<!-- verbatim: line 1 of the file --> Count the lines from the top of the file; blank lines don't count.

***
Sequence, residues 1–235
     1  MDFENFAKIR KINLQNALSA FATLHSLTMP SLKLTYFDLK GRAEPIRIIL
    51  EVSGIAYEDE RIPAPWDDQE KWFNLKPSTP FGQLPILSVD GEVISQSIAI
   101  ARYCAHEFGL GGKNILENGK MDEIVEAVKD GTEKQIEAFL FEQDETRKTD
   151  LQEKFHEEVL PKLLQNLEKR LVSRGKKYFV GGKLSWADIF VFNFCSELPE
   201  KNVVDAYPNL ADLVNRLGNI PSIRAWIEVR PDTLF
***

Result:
Sequence, residues 1–235